OCR A font family

Designed by USA Bureau of Standards in 1968
OCR A and OCR B are standardized, monospaced fonts designed for Optical Character Recognition" on electronic devices. OCR A was developed to meet the standards set by the American National Standards Institute in 1966 for the processing of documents by banks, credit card companies and similar businesses. This font was intended to be "read" by scanning devices, and not necessarily by humans. However, because of its "techno" look, it has been re-discovered for advertising and display graphics. OCR B was designed in 1968 by Adrian Frutiger to meet the standards of the European Computer Manufacturer's Association. It was intended for use on products that were to be scanned by electronic devices as well as read by humans. OCR B was made a world standard in 1973, and is more legible to human eyes than most other OCR fonts. Though less appealingly geeky than OCR A, the OCR B version also has a distinctive technical appearance that makes it a hit with graphic designers."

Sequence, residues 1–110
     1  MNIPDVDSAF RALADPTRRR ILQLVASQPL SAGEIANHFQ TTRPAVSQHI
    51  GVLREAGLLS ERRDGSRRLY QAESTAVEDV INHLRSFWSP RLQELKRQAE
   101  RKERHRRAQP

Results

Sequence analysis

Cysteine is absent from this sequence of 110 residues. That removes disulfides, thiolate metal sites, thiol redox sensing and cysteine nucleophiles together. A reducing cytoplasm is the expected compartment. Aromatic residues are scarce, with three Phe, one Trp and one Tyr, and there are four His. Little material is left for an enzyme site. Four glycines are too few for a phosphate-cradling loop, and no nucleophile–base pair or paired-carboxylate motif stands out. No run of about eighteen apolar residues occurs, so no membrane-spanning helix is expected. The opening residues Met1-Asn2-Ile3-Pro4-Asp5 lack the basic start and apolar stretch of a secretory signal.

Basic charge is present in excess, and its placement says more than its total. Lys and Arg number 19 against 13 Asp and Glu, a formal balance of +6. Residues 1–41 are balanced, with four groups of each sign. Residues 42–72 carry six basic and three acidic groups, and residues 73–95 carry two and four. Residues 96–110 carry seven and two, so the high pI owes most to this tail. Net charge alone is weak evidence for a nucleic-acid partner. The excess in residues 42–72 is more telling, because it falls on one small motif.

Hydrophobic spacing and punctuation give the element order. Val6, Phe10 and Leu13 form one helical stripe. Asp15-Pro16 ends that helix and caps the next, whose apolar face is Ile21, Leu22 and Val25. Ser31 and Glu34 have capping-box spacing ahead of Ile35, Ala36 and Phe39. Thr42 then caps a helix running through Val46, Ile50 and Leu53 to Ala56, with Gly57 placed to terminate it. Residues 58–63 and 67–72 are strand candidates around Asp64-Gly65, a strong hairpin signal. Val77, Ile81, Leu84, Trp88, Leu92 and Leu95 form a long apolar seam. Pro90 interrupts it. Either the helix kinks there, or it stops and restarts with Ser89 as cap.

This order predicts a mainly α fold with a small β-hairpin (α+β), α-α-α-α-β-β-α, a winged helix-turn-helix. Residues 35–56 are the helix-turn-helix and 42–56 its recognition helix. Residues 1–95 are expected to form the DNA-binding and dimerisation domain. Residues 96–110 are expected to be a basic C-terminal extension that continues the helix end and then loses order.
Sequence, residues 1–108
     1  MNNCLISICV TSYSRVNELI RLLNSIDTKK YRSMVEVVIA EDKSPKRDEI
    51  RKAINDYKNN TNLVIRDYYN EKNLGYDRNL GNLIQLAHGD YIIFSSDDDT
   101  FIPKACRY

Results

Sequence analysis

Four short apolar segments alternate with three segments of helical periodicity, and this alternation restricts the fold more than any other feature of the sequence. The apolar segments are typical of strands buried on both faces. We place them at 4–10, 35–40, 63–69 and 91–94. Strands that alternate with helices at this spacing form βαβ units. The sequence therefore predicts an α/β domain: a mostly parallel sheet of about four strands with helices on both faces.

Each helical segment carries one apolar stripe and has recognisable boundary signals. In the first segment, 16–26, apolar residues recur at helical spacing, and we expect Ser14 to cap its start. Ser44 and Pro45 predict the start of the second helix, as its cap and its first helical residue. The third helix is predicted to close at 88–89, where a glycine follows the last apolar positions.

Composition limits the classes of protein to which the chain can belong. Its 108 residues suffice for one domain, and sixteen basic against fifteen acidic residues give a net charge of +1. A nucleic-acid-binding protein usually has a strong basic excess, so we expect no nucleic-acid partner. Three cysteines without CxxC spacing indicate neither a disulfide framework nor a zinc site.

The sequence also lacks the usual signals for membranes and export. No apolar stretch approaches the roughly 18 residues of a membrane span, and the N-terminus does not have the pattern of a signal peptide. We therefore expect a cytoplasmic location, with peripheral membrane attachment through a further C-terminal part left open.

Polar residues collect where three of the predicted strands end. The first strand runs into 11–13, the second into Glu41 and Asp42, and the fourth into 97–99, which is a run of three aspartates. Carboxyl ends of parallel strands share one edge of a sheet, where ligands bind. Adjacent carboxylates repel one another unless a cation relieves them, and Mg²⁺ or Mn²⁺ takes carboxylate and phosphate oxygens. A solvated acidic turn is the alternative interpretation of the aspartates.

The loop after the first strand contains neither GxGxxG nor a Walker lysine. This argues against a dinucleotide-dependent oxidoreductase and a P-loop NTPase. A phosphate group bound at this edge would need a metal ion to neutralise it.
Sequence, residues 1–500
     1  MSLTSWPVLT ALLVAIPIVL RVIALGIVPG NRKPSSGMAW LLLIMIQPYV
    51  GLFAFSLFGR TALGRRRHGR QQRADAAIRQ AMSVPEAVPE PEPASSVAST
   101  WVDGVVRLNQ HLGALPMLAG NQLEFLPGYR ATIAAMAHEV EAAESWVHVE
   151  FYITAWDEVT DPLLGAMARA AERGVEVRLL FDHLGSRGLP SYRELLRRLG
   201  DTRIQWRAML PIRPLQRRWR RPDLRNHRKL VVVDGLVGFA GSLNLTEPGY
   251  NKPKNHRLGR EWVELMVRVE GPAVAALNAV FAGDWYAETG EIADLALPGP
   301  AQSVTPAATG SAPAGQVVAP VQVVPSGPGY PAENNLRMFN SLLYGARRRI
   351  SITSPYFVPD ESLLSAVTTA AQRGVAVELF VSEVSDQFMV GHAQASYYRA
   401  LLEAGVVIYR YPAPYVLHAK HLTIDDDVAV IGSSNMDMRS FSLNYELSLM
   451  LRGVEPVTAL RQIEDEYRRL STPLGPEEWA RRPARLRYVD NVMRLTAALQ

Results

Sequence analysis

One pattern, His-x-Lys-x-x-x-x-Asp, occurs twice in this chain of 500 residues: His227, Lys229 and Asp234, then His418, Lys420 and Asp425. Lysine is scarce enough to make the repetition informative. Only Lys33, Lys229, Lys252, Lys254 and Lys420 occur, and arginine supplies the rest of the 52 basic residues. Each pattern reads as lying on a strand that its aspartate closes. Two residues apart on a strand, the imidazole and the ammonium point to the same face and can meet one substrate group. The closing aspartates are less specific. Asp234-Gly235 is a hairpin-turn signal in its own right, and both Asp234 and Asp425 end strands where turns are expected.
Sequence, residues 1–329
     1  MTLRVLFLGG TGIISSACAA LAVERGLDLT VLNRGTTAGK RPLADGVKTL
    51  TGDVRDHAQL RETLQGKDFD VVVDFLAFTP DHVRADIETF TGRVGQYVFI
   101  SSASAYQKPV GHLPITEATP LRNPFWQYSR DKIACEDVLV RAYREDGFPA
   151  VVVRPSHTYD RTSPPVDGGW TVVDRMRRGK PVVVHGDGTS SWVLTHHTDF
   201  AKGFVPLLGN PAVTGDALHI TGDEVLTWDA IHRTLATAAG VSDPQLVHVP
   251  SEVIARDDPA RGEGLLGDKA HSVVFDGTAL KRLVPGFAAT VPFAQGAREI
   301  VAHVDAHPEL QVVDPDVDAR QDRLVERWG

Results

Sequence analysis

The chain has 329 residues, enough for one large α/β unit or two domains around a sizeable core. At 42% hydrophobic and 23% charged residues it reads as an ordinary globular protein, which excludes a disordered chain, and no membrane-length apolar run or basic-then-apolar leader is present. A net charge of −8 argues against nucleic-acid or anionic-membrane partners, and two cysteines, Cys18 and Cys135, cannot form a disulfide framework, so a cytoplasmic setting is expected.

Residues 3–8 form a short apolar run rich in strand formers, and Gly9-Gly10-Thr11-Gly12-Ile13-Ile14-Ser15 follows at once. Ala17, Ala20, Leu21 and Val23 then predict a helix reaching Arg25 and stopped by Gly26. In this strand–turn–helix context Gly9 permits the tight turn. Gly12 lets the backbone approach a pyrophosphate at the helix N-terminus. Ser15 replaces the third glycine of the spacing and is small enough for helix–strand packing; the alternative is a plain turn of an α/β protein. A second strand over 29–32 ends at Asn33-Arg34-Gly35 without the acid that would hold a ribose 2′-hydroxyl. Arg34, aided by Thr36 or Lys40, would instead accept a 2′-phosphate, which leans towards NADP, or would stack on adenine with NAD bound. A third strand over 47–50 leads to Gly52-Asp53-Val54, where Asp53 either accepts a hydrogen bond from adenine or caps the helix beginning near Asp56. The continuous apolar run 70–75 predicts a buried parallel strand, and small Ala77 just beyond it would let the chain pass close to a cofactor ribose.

OCR A Regular

OCR A Regular
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STD supports at least 21 languages.

US$ 29
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202 characters


Catalog number: 36740796


Tag: frac

Function: Replaces figures separated by a slash with 'common' (diagonal) fractions. The user enters 3/4 in a recipe and gets the threequarters fraction.

Stylistic Alternates

Tag: salt

Function: Many fonts contain alternate glyph designs for a purely esthetic effect; these don't always fit into a clear category like swash or historical. As in the case of swash glyphs, there may be more than one alternate form. This feature replaces the default forms with the stylistic alternates. The user applies this feature to Industria to get the alternate form of g.

Discretionary Ligatures

Tag: dlig

Function: Replaces a sequence of glyphs with a single glyph which is preferred for typographic purposes. This feature covers those ligatures which may be used for special effect, at the user's preference. The glyph for ct replaces the sequence of glyphs c t, or U+322E (Kanji ligature for "Friday") replaces the sequence U+91D1 U+66DC U+65E5.

Technical details
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